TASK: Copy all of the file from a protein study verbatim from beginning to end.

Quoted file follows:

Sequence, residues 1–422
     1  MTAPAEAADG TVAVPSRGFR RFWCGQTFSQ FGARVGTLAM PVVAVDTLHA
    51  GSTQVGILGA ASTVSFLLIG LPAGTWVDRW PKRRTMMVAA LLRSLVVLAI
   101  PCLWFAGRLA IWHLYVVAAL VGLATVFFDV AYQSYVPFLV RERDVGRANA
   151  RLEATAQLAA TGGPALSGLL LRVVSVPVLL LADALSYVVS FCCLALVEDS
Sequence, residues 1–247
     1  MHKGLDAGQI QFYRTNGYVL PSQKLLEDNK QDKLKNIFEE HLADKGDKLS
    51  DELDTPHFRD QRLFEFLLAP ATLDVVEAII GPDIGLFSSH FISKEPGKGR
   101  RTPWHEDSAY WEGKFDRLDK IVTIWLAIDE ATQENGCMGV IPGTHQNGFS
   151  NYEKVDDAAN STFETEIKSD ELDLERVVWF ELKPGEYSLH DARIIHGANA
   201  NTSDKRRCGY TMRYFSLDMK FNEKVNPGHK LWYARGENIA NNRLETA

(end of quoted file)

Sequence, residues 1–422
     1  MTAPAEAADG TVAVPSRGFR RFWCGQTFSQ FGARVGTLAM PVVAVDTLHA
    51  GSTQVGILGA ASTVSFLLIG LPAGTWVDRW PKRRTMMVAA LLRSLVVLAI
   101  PCLWFAGRLA IWHLYVVAAL VGLATVFFDV AYQSYVPFLV RERDVGRANA
   151  RLEATAQLAA TGGPALSGLL LRVVSVPVLL LADALSYVVS FCCLALVEDS
Sequence, residues 1–247
     1  MHKGLDAGQI QFYRTNGYVL PSQKLLEDNK QDKLKNIFEE HLADKGDKLS
    51  DELDTPHFRD QRLFEFLLAP ATLDVVEAII GPDIGLFSSH FISKEPGKGR
   101  RTPWHEDSAY WEGKFDRLDK IVTIWLAIDE ATQENGCMGV IPGTHQNGFS
   151  NYEKVDDAAN STFETEIKSD ELDLERVVWF ELKPGEYSLH DARIIHGANA
   201  NTSDKRRCGY TMRYFSLDMK FNEKVNPGHK LWYARGENIA NNRLETA